- 10 Mar 2021
- By Eric Leininger and John Wiesner
- Topics: Interest Rates

The CME Group Volatility Index, or CVOL, offers a dual lens of price and yield volatility for interest rate products.

Uncertainty comes in many forms. Implied volatility, the implied standard deviation of price ranges derived from option prices, is a mathematical construct that market participants use to quantify uncertainty. CME Group CVOL indexes produce robust volatility estimates using the deep liquidity of its interest rate options markets. As with all CVOL Indexes, Treasury CVOL Indexes provide additional information about the volatility surface from four auxiliary indicators: UpVar, DnVar, Skew, and Convexity.

Importantly for fixed income participants, **Treasury CVOL Indexes come in both yield and price volatility formats**. Track yield volatility or futures price volatility to quickly capture market pricing of the same potential moves in either yield or price terms.

With the interest rate environment so interesting and complex, and with continued consolidation of banking and trading activity across interest rate products, investors and traders need an advanced volatility tool to effectively manage interest rate uncertainty. This environment and these advancements to visualize implied volatility of yields allow comparisons of over-the-counter (OTC) products such as swaptions to exchange traded options and vice versa.

Effectively calculating a robust Treasury yield volatility requires two steps. First, calculate the implied volatility of the futures price, and then second, use the dollar value of a basis point (DV01) to transform the price volatility to an equivalent yield volatility.

To do this, CME Group first uses yield variance, the squared standard deviation, from its CVOL calculation.

is the variance calculation at a single tenor, ”T”, for the future.

*F _{T}* is the futures contract settlement price, DV01

is the CVOL variance of the yield.

The standard time weighting methodology for arriving at a specific time horizon, (typically H = 30 days), is employed to generate the implied standard deviation, , at time T = H.

This same formula is employed but with the corresponding DV01s substituted for the respective futures settlements, & . Substituting the DV01 formula to the time weighted interest rate price variance transforms it to interest rate yield variance. The square root is then taken to deliver interest rate yield volatility for time horizon T = H.

The above transformations enable the dual price and yield versioning of the CVOL Index for interest rates. Now, by employing CVOL, market participants can easily visualize and use *both* price and yield volatility measurements.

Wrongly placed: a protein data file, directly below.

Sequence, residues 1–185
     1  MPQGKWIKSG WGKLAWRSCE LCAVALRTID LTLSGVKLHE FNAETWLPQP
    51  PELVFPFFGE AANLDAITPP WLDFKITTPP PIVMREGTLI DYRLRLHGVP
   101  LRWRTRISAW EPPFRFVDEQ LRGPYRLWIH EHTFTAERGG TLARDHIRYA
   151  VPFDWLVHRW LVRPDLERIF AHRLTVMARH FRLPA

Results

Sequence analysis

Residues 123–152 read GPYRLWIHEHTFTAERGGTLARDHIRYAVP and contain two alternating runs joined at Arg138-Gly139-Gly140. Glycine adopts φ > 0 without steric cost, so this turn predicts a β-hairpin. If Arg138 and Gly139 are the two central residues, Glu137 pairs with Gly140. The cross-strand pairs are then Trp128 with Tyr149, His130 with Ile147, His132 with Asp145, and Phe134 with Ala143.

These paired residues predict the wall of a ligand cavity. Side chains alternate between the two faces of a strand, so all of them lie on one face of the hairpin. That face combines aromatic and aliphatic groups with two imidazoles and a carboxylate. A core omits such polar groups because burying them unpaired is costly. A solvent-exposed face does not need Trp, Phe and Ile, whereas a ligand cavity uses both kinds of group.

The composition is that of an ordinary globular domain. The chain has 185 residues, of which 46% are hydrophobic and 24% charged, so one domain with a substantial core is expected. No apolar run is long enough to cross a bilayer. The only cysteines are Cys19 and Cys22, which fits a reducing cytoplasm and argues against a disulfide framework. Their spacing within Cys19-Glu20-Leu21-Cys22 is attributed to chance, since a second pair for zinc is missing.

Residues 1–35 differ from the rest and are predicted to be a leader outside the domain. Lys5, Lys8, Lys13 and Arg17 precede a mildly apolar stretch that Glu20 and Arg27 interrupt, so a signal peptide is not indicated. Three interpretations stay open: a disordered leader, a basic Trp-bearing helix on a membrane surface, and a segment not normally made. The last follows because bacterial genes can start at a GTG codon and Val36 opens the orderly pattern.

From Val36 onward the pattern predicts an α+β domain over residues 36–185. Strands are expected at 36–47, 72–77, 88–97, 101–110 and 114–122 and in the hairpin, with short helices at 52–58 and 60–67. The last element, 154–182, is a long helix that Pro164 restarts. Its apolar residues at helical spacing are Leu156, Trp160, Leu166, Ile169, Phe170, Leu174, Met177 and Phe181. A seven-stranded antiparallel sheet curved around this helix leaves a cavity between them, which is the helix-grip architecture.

Included with the CVOL Index family are the supporting indicators, UpVar (up variance) and DnVar (down variance). They are calculated by using out-of-the-money calls for UpVar and out-of-the-money puts for DnVar, respectively.

“UpVar” is intended to convey the idea that the volatility metric is drawn from options that are struck at prices that would require the futures price to increase or rise ** up** to be at any of those strikes. “DnVar” is calculated from options that are struck below the current futures price, hence a metric concerning prices at strikes that are lower than or

The UpVar for the Treasury Price Volatility Index is drawn from options prices that are struck higher than the futures contract price, and the DnVar is drawn from puts below the futures contract price, as would be normally expected for a CVOL metric; but the yield version of both UpVar and DnVar must be understood inversely.

UpVar and DnVar need the same DV01-based conversion from price to yield that the regular CVOL metric requires, but they also require rearrangement.

“Up” in futures or bond prices means “down” in yield terms, and so the CVOL UpVar and DnVar for futures appropriately beg to be renamed when the price to yield transformation is applied.

The DnVar metric for the yield is ultimately predicated on futures call prices, and UpVar on futures put prices, which may seem counterintuitive, but the price-to-yield conversion requires this reframing of “up” and “down.”

Finally, CVOL Skew requires a similarly nuanced understanding between price and yield.

The CVOL family of indicators includes two versions of skew. The first version of skew is simply the numerical difference between the UpVar and DnVar, i.e. UpVar minus DnVar. The second version of skew is the ratio between UpVar and DnVar.

If DnVar is greater than UpVar, then the first skew metric would be a negative value, and the ratio version of skew would be less than 1.00. But when the conversion to yield CVOL happens, the sign would flip from negative to positive, and the ratio would be greater than 1.00.

In simpler terms, if the futures or bonds are expecting more downside risk, then the rate or yield itself would have more upside risk. Therefore, after the conversion from price terms to yield terms, the sign will flip for skew and the skew ratio will be inverted.

Eric Leininger is Executive Director of Financial Research and Product Development at CME Group.

John Wiesner is Director of Research and Product Development at CME Group, and the designer of the CVOL methodology.